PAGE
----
Web site messages about corporate social responsibility: Developing grounded theory on the presentation of corporate citizenship in the banking and computer hardware manufacturing industries

by Fitzwater, Charlene Y., Ph.D., CAPELLA UNIVERSITY, 2007, 110 pages; 3263161


Responding to increased stakeholder interest in corporate social responsibility and calls for greater transparency, companies have increased their voluntary disclosures regarding corporate citizenship in recent years. Given the rapid rise in the disclosures, no clear standard for the communications, and limited research offering systematic analysis of companies' corporate social responsibility messages, qualitative research was developed to document and describe corporate social responsibility messages. Grounded theory based on content analysis of corporate social responsibility messages of 20 publicly traded, U.S.-based banking and computer hardware manufacturing companies generated a framework and descriptions of the messages. A spectrum of overall corporate social responsibility messages was documented, including overall messages of compliance, enlightened self-interest, and full commitment to corporate social responsibility. At the compliance end of the spectrum, information regarding corporate social responsibility was very limited and principally confirmed compliance with laws and regulations. Mid-range on the spectrum communicating an overall message of enlightened self-interest, companies indicated that doing good also benefits the company, and they provided more information about involvement in corporate citizenship activities. At the farthest end of the spectrum, the most comprehensive corporate citizenship communications were provided. Companies communicating full commitment to corporate social responsibility described integration of corporate social responsibility in their daily operations, addressed issues important to all stakeholder groups, and measured success against stated goals. Companies recognized as exemplary corporate citizens communicated messages of enlightened self-interest or full commitment to corporate social responsibility. Findings of the study were consistent with legitimacy theory, media agenda-setting theory, signaling theory, and Rossouw and vanVureen's modes of management.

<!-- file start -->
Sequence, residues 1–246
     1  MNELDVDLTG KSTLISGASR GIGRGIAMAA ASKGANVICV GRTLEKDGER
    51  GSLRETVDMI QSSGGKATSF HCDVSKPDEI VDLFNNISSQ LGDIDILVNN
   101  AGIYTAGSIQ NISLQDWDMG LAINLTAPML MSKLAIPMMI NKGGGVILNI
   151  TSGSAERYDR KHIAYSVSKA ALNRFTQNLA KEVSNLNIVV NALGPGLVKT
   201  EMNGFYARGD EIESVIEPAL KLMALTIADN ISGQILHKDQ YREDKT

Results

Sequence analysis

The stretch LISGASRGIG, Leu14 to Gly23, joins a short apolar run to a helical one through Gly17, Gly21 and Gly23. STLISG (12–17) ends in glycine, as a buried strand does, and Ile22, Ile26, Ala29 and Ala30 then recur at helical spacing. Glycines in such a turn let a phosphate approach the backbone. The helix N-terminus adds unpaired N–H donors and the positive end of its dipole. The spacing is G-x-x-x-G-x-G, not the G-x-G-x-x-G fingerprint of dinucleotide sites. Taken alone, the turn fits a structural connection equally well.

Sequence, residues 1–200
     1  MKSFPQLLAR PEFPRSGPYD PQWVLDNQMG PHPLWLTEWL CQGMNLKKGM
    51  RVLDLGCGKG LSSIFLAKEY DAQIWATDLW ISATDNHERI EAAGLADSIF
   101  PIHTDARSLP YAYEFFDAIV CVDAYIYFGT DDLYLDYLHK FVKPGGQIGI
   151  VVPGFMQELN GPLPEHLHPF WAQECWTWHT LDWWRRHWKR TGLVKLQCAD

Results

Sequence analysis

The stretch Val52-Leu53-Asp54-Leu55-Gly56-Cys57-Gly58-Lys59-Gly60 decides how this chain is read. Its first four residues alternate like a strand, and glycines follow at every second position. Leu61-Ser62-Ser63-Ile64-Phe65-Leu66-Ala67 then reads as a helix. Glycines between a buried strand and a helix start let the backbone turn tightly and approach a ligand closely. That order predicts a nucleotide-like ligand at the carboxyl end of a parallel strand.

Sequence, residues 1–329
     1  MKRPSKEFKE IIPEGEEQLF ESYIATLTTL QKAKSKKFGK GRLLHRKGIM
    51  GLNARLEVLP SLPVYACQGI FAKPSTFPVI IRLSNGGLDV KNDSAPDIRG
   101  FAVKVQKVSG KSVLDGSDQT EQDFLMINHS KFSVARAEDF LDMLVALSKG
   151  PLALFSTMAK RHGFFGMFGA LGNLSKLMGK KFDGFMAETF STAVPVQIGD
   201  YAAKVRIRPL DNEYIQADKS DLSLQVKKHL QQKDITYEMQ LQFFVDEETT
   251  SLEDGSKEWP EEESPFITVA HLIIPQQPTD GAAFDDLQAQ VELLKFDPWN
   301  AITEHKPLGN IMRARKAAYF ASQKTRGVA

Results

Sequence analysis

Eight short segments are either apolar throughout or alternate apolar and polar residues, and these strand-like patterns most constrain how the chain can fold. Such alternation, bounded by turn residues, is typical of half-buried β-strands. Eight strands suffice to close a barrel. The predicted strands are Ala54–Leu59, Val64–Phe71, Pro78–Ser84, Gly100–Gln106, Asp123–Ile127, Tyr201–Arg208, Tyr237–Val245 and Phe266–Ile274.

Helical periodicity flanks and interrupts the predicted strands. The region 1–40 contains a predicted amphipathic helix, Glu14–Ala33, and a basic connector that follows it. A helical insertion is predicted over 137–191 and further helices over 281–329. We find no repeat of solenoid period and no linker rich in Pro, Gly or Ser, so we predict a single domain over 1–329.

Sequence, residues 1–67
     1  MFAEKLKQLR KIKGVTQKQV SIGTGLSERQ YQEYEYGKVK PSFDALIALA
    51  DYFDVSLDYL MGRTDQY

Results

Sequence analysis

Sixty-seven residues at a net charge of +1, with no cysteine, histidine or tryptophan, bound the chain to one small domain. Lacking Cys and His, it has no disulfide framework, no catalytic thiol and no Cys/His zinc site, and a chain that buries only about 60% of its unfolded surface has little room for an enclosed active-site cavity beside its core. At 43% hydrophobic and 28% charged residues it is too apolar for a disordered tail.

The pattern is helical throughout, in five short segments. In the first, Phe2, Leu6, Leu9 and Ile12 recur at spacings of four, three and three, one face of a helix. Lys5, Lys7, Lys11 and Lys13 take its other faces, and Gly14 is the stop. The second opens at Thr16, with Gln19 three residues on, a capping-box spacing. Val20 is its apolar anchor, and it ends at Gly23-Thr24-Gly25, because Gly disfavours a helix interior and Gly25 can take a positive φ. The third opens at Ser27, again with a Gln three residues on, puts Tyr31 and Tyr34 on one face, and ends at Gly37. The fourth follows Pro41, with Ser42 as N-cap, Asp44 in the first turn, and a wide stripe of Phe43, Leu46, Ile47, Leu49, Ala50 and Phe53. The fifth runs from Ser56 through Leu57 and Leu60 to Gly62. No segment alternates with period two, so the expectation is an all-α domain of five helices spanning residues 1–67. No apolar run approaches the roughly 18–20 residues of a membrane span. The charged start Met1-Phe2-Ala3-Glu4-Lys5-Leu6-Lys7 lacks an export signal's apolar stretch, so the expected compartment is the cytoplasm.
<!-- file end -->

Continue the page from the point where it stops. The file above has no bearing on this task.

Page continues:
AdviserMary Evans Kasala
Source TypeDissertation
SubjectsManagement; Commerce-Business; Banking
Publication Number3263161

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